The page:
Bank of Communications (BoCom) Hong Kong branch raised a $700 million three-year senior unsecured note on Wednesday, smartly riding the wave of other bond issuance that has hit the debt markets in the first week of the new year.
The bank’s debut Reg S-registered paper had an initial guidance of 170bp over Treasuries and ended up pricing 25bp tighter at 145bp over Treasuries, according to a term sheet.
Sources note that BoCom’s note priced much tighter than its comparables, including Agricultural Bank of China’s (ABC) $500 million three-year bond that got issued in December, and which was trading at Treasuries plus 159bp or a G-spread of 164bp at time of pricing.
This is a significant achievement based on the fact that BoCom is rated two notches lower by Moody’s and one notch lower by Standard & Poor’s (S&P) – A3 and A- respectively – versus ABC’s notes.
“Is the first time that BoCom has issued directly, so it is very important for them to establish themselves directly and they really did it in style,” said a source close to the deal. “Given the very well known nature of the name, they were able to issue very nimbly without the need for a road show.”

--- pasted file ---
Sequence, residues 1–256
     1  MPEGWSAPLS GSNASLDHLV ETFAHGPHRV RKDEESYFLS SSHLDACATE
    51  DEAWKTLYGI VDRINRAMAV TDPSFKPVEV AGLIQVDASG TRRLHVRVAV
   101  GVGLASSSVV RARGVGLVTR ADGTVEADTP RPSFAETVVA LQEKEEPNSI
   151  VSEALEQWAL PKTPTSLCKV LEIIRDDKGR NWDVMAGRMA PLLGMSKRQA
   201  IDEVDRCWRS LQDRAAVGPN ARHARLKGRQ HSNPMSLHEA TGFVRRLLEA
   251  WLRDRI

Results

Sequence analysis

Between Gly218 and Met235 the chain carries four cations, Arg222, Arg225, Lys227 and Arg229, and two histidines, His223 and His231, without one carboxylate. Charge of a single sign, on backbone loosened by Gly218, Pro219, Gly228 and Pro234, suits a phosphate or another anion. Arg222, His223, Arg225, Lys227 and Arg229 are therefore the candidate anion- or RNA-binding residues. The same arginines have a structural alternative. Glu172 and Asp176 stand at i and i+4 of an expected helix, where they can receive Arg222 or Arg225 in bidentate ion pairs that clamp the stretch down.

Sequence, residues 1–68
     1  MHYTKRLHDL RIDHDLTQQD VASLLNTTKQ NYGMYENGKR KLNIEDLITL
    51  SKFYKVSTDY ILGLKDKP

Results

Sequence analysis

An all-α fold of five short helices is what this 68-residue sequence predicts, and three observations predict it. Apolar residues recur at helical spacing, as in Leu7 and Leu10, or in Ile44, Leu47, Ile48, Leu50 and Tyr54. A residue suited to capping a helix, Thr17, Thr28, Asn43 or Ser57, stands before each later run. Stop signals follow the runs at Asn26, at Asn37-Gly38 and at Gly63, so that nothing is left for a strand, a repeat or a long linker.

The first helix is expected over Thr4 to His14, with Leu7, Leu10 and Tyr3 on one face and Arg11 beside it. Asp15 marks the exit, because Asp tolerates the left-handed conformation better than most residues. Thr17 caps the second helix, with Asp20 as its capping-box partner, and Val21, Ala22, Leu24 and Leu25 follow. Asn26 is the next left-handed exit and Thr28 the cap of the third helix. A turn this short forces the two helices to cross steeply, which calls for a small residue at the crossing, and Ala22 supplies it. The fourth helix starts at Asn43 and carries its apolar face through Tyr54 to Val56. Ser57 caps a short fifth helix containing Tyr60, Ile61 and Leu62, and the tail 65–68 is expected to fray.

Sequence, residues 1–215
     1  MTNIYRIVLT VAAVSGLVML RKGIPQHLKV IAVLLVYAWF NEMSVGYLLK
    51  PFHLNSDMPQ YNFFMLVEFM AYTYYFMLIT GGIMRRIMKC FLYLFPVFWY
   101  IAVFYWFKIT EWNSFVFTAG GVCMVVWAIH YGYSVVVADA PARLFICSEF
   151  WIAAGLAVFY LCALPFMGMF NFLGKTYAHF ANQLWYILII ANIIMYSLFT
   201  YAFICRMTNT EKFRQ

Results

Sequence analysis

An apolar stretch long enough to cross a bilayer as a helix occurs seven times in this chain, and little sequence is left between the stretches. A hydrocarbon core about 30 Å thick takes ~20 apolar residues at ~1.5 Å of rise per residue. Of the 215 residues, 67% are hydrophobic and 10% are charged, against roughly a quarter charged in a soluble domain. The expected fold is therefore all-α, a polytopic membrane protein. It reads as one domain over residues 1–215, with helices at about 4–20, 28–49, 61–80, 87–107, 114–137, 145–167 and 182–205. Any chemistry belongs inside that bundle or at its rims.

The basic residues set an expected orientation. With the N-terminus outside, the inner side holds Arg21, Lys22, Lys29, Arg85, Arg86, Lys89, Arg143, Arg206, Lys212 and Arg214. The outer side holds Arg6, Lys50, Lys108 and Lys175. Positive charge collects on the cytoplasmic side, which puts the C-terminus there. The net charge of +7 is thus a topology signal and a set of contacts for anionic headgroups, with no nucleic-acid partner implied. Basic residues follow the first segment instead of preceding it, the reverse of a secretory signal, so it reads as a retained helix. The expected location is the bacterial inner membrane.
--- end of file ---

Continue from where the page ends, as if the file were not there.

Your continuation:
Prior to Wednesday’s issuance, BoCom normally issued debt through subsidiary Bank of Communications Financial Leasing, which normally obtains guarantees from its parent and is a regular in the offshore renminbi space.
BoCom’s latest bond obtained an order book of more than $2 billion from 130 accounts. The majority of the papers were allocated to Asian investors – 93% – while the rest went to Europe. Banks purchased 75% of the notes, followed by fund managers with 14%, the public sector with 5%, insurance companies with 4% and private banks with 2%.
It has been a good start to the year for Asia’s G3 debt capital markets. There has already been a flurry of deals supported by improved market sentiment after the Federal Reserve (Fed) decided to cut its monthly bond purchases to $75 billion from $85 billion in December. The decision from the Fed suggests that headwinds which have held back the US economy may be abating.
Asia ex-Japan G3 markets have already seen a total volume of $9.8 billion with 11 deals year-to-date, which exceeds 2013’s volume of $4.5 billion with the same number of deals over the same period, according to Dealogic data.
In secondary markets, BoCom’s bond is trading at 99.641 at a yield of 2.25%, slightly above the reoffer price of 99.608 and yield of 2.261%, according to Bloomberg data.
BoCom Hong Kong and HSBC were the global coordinators and joint bookrunners of the deal. Other bookrunners include ANZ, BNP Paribas, BoCom International, China Construction Bank International, JPMorgan and UBS.